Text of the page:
STP1023

    Lithium Uptake and the Accelerated Corrosion of Zirconium Alloys

    Published: Jan 1989


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    Abstract

    The corrosion of zirconium alloys in aqueous lithiated solutions is sensitive to the concentration of the alkali and the temperature. In concentrated solutions, ⪢10-1 M in lithium hydroxide (LiOH) (700-ppm lithium) and at temperatures >573 K, accelerated corrosion occurs at quite an early stage. Our investigations indicate that the accelerated corrosion is caused by the generation of porosity, rather than the dissolution of lithium, in the growing oxide.

    Specimens of standard Zircaloy-4 fuel cladding and Zr-2.5 wt% Nb pressure tube materials were corroded in lithium hydroxide solutions, 10 -3to 1 M in concentration, at 589 K. Impedance measurements, polarizations in molten lithium nitrate-lithium hydroxide (LiNO3-LiOH) and scanning electron microscopy of the alloy-oxide interface indicated a high level of porosity, right from the initial stages, for oxide films grown in the concentrated solutions. The oxides, when analyzed by atomic absorption spectroscopy, revealed the presence of a few 100 ppm of lithium, too small to account for the accelerated corrosion by a mechanism of solid solution of lithium in zirconia. X-ray powder patterns of the oxides showed peaks for only monoclinic zirconia, but occasionally peaks for LiOH ∙ H2O and LiOH were also observed. The counts for lithium, detected by secondary ion mass spectrometry, decreased when specimens cut from the same corroded samples were leached in nitric acid. It is concluded from these observations that a major part of lithium is physically held in the porous oxide.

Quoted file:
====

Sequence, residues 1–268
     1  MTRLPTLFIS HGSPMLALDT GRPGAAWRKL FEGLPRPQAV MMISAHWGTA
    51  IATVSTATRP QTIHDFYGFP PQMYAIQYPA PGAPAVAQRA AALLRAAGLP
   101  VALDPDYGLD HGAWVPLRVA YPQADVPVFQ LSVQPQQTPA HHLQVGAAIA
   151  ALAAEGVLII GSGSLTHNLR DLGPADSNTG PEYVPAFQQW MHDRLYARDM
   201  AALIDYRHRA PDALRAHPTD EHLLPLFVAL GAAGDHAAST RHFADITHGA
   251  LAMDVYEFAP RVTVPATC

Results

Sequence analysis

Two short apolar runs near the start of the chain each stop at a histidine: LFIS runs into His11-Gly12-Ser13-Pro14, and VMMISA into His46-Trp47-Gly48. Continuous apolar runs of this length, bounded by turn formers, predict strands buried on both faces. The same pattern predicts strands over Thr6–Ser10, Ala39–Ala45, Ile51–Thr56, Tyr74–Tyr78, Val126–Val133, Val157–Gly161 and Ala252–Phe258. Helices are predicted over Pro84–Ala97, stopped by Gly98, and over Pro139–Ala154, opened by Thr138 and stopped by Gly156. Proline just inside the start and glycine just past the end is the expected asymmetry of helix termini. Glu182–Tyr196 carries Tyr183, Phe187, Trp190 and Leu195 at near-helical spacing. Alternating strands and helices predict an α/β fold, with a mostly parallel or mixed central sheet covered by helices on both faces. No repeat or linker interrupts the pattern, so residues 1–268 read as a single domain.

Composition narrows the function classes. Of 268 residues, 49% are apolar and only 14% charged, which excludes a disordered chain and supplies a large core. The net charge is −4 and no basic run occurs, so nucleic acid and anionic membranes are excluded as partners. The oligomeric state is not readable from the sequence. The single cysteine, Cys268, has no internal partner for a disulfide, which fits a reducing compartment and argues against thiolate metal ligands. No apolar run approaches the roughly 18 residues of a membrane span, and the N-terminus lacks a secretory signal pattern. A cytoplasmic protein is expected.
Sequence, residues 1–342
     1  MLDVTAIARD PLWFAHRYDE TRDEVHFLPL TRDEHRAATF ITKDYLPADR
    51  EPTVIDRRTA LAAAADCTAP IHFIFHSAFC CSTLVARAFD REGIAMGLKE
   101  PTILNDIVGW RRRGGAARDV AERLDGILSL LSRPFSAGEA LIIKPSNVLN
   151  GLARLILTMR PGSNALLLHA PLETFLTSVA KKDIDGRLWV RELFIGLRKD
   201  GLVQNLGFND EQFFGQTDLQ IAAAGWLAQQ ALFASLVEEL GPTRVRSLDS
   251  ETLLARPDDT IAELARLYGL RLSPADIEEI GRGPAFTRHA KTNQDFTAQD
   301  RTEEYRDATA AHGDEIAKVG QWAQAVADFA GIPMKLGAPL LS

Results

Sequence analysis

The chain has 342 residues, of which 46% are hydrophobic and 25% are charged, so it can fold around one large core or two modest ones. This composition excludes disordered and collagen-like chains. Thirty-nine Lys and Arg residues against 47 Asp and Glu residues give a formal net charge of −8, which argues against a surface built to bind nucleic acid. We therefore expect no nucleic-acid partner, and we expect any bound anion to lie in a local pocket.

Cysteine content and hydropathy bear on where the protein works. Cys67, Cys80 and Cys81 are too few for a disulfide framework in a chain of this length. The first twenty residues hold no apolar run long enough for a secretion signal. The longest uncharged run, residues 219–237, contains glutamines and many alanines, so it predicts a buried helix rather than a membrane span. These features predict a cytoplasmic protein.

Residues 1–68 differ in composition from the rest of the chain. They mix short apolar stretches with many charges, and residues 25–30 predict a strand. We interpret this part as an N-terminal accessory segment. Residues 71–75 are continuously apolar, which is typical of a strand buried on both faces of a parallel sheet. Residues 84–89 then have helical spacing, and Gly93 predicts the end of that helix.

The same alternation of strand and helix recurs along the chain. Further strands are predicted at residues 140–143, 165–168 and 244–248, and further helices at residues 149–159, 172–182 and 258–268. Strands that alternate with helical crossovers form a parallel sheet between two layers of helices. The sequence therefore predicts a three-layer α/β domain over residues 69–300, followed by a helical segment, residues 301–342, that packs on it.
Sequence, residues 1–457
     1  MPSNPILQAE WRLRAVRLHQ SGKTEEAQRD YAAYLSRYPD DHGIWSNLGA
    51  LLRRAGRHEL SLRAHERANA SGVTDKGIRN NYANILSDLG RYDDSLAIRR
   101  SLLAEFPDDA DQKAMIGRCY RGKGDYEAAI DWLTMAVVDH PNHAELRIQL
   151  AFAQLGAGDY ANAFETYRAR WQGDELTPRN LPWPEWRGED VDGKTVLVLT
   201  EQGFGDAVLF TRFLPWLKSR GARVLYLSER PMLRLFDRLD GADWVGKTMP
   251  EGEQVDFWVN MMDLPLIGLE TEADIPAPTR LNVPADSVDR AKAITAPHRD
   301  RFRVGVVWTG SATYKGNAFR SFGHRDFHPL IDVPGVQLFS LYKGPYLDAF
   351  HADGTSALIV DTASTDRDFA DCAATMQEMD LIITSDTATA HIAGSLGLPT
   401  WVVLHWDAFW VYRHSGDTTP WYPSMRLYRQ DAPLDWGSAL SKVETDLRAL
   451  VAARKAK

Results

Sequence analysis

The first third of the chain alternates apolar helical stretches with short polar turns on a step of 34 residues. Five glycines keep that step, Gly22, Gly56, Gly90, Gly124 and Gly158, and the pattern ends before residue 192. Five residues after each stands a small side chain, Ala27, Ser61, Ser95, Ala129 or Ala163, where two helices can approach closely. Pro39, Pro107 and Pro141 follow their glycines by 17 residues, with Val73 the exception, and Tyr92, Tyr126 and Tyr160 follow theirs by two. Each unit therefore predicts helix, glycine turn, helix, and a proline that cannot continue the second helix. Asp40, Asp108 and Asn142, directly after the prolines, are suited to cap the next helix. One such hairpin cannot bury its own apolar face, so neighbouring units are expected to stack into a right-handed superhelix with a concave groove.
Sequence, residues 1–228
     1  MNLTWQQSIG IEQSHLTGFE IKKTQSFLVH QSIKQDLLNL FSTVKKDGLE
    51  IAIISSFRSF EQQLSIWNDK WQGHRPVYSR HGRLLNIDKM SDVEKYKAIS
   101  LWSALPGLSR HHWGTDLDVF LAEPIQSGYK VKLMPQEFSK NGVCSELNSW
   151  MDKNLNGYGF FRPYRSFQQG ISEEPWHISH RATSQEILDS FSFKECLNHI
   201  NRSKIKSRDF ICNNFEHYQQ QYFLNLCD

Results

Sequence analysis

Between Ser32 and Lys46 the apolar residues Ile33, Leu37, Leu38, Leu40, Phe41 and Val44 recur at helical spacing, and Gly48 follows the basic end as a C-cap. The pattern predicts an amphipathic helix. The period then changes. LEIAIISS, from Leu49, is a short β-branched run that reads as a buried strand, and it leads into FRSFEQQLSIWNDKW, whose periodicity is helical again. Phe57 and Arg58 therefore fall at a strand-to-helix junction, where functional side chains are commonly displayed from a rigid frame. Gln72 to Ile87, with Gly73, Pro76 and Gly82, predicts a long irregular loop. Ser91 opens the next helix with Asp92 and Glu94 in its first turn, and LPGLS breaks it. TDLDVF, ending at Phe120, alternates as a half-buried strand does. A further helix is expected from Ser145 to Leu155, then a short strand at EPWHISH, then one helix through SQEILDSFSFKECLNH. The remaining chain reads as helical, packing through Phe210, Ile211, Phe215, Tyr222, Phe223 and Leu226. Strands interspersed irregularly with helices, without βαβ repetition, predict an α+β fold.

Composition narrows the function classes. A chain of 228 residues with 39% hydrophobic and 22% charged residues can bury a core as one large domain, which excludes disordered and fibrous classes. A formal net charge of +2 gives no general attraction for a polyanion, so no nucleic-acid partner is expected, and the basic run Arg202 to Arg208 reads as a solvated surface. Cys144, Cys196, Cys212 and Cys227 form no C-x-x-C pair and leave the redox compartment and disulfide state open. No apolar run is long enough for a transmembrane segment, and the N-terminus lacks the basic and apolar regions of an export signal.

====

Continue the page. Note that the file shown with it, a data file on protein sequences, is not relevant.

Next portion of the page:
Lithium hydroxide is not completely dissociated in aqueous solutions; with increasing concentration and temperature, an increasingly larger proportion of the alkali remains undissociated. It is suggested that the accelerated corrosion in concentrated solutions is caused by the participation of the undissociated alkali in the reactions occurring on the surfaces of the zirconia crystallites. The undissociated LiOH and hydroxyl ions react at an anion vacancy to produce Zr-OLi. These surface -OLi groups could retard the normal recrystallization and growth of oxide crystallites and thus maintain a high intercrystalline grain boundary area for oxygen diffusion to occur. They could also generate porosity in the growing oxide by reacting to form lithium oxide (Li2O), a soluble product.

    Keywords:

    zirconium alloys, corrosion, lithium hydroxide, alkali dissociation, oxide porosity


    Author Information:

    Ramasubramanian, N
    Research officer and technical assistants, Atomic Energy of Canada Ltd., Chalk River Nuclear Laboratories, Chalk River, Ontario

    Precoanin, N
    Research officer and technical assistants, Atomic Energy of Canada Ltd., Chalk River Nuclear Laboratories, Chalk River, Ontario

    Ling, VC
    Research officer and technical assistants, Atomic Energy of Canada Ltd., Chalk River Nuclear Laboratories, Chalk River, Ontario


    Paper ID: STP18865S

    Committee/Subcommittee: B10.02

    DOI: 10.1520/STP18865S


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